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The Unlearned Lessons of Gaza By: P. David Hornik
FrontPageMagazine.com | Friday, March 06, 2009


This week Israel’s UN ambassador Gabriela Shalev sent a complaint to Secretary-General Ban Ki-moon about the rain of rockets that keep falling on Israel from Gaza. She stated that “These ongoing attacks not only hinder efforts to reach a stable and durable ceasefire, but they represent an ongoing threat to the peace and security of Israel, as well as the people of Gaza,” and warned that “Israel will not tolerate, and will respond accordingly to attacks against its citizens.”

This was no attempt to lay diplomatic groundwork for a serious Israeli military response to the rocket fire; the outgoing, internally bickering Olmert government is hardly capable of that at this point. Instead Shalev’s complaint had the character of a pathetic gesture.

Yet it wasn’t long ago that this government—with the winding-down of Operation Cast Lead, which formally ended on January 18—was engaged in seemingly dramatic diplomatic activity signaling important gains from the war. On January 16, Foreign Minister Tzipi Livni was in Washington where, at a joint press conference, she and then-Secretary of State Condoleezza Rice announced a rapidly-concocted Memorandum of Understanding under which the United States was supposed to work together with the international community to halt the smuggling of Iranian weapons into Gaza.

And on January 18 itself, the heads of state of Britain, France, Germany, Italy, Spain, and the Czech Republic—both at a gathering along with Arab leaders in Sharm el-Sheikh, Egypt, and in a meeting with Prime Minister Ehud Olmert in Jerusalem—“pledged to work to prevent Hamas from rearming” as a Haaretz report put it at the time.

And the words were followed by actions. On January 22 the U.S. Navy intercepted a ship—a Cypriot-flagged Russian one leased to Iran—in the Red Sea on suspicion that it was carrying arms to Hamas; the ship was eventually detained, and the arms unloaded, in Limassol, Cyprus. And on January 23 a French frigate sailed for waters off the Gaza coast to take part in stopping the smuggling.

Seemingly, then, the Israeli government with its two main components, the Kadima and Labor parties, could claim that its approach—which involved ending the war before Hamas had been defeated, focusing world attention on the arms-smuggling problem, and relying on the world community to stop Hamas from rebuilding its arsenal—had succeeded.

What happened, then, in the six weeks from those optimistic days to the rather abject sending of Shalev’s complaint to Ban? What happened was that another 50 rockets and 40 mortar shells were fired at Israel from Gaza; already by February 15 two security chiefs told the Israeli cabinet that the smuggling had resumed with Egypt once again doing little to stop it, and meanwhile the Western naval activity against the smuggling seemed to have stopped as the worldwide financial crisis and Iranian nuclearization trumped little Israel and its border problems.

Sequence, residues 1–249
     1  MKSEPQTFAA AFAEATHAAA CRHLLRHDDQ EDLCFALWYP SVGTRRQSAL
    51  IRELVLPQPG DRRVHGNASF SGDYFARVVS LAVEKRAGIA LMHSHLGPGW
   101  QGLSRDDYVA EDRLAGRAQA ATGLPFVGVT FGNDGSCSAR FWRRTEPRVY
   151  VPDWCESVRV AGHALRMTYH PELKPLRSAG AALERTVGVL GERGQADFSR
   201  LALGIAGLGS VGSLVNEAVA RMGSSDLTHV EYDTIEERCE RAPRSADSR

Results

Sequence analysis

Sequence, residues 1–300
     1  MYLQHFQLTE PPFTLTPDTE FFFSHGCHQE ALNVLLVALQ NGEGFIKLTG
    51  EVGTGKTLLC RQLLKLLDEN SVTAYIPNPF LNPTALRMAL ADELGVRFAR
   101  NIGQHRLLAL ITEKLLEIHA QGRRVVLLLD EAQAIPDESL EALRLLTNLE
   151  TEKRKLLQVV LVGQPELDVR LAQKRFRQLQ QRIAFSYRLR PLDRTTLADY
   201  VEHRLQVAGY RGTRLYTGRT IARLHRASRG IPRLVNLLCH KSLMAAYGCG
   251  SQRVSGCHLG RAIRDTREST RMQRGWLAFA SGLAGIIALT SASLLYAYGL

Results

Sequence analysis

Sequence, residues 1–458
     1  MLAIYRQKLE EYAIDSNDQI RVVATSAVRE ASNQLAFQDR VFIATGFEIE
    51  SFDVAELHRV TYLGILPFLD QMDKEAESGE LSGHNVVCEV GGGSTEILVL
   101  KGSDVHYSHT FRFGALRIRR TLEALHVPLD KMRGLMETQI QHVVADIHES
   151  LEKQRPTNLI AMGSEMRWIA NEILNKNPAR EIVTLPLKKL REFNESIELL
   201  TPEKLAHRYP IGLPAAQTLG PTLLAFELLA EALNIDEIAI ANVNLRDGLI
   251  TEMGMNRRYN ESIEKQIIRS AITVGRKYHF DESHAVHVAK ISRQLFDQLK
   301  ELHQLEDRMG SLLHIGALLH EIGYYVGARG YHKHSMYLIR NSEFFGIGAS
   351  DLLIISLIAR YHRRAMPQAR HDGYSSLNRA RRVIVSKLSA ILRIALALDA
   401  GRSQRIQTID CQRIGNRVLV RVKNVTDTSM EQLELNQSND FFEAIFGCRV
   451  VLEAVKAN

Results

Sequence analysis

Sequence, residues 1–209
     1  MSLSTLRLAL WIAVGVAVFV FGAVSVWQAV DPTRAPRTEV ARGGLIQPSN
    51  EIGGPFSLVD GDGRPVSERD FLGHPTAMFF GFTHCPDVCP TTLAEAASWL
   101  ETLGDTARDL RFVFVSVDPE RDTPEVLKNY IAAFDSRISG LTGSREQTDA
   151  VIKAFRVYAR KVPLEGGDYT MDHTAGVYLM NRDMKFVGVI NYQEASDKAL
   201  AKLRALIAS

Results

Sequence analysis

Indeed, Shalev in her letter to Ban specifically mentioned two recent attacks that bring back the days before Cast Lead was launched: a Kassam rocket that landed in a yard and set a home on fire in Sderot, and a Grad rocket that destroyed several classrooms in a school in Ashkelon—a hit that would have been much worse had the school not been closed for the Sabbath.

Also on Tuesday the new U.S. secretary of state, Hillary Clinton, was in Israel, and she stressed America’s “unrelenting” commitment to Israel’s security and said the rocket attacks had to stop. Yet a day earlier Clinton had been at another gathering in Sharm el-Sheikh where the world community had—ongoing smuggling, resumed rocket attacks, and all—pledged to pour $4.4 billion into Hamas-ruled Gaza, with the U.S. contributing $300 million directly and another $600 million to the West Bank Palestinian Authority, which also transfers large sums to Gaza.

Seemingly, then, the Kadima and Labor parties—if they were interested in learning from experience and not just in upholding a capitulationist worldview that, they think, puts them in the Americans’ and Europeans’ good graces—should by now already be drawing different conclusions from Cast Lead than the ones that seemed, to them, warranted in the heady days after it ended.

Sober, accurate conclusions from this final failure of an outgoing, unpopular government would be that:

* There is, as always, no substitute for defeating an enemy on the ground.

* There is no force on earth that will stop arms smuggling into Gaza, or armed aggression against Israel from Gaza, except Israel itself.

* It is much easier for Western leaders to make grand gestures of supporting Israel than to act on them; the Europeans, as always, see their interests as lying with the Arabs, and the United States has way too much on its plate to worry about Grad rockets traversing the Sinai.

* Support for “the Palestinians,” even when they constitute a Hamas entity, is reflexive and unrelated to Israel’s real needs and the situation on the ground.

* For Israel to win any of its wars in the future will require, to a considerable extent, defying the West and the world community rather than pretending to work in concert with them.

Because of its failure—among other things—either to apply or learn these principles in the Second Lebanon War or Operation Cast Lead, on February 10 the current Kadima- and Labor-led government lost the Israeli elections. The incoming prime minister, Binyamin Netanyahu, has a deeper grasp of reality but faces formidable challenges of balancing Israel’s real security needs with its relations with the West.


P. David Hornik is a freelance writer and translator living in Beersheva. He blogs at http://pdavidhornik.typepad.com/. He can be reached at pdavidh2001@yahoo.com.


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